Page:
Of all the cybersecurity weaknesses, using components with known vulnerabilities is perhaps the easiest to understand. Although this weakness is widespread, it is somewhat easy to resolve.
What does this weakness mean for me?
Using Components with Known Vulnerabilities According to OWASP: Using Components with Known Vulnerabilities Components, such as libraries, frameworks, and other software modules, run with the same privileges as the application. If a vulnerable component is exploited, such an attack can facilitate severe data loss or server takeover. Applications and APIs using components with known vulnerabilities may undermine the app.
These attacks have become commonplace because it is far easier for an attacker to use a known weakness than create a specific program or attack methodology to search out vulnerabilities themselves. This fact should put known component vulnerabilities high on your security priority list to mitigate.
Examples of using components with known vulnerabilities
The following example demonstrates how you might inadvertently start using a component with a known vulnerability:
- You are building a website on WordPress and require a template and various plugins (tools) to create your fully functioning website. The plugins & templates include those made and provided by other users. These could have their own vulnerability issues, and using the plugin compromises your website’s security.
WordPress creates general updates regularly to tackle security issues. However, due to its popularity, it can still be a target.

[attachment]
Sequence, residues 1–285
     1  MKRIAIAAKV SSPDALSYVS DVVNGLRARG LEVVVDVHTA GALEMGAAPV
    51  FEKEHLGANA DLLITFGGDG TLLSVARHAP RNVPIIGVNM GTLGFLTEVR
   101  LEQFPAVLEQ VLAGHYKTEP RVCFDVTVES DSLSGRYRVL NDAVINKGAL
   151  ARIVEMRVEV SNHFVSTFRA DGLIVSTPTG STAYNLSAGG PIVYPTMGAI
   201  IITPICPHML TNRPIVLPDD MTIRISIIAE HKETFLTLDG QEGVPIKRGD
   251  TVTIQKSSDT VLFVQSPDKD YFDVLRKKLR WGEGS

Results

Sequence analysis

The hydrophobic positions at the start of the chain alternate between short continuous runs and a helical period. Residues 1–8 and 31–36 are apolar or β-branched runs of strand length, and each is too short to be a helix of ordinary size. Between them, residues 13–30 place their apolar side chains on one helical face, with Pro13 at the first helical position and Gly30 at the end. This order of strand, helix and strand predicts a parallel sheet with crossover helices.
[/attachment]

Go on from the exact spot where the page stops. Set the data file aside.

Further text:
The next example demonstrates the potential risks and the magnitude of an attack facilitated by using a component with a known vulnerability:
- The Equifax breach allowed an attacker to gain remote code execution and pivot inside the Equifax network, allowing the attacker to steal the personal information of more than 140 million customers. The entry point was a vulnerability in a version of Struts (CVE-2017-5638)
How to prevent using components with a known vulnerability
The best way to prevent using components with known vulnerabilities would be to never use third-party components and build these in house. However, this is not always possible in the real world, it just means that you need to take precautions when choosing which 3rd party tools to use or work with.
- Always upgrade components to the latest version (patching)
- It is best to use an Iasme certified and CREST accredited penetration testing company to identify cybersecurity vulnerabilities such as insecure deserialisation or insufficient logging and monitoring.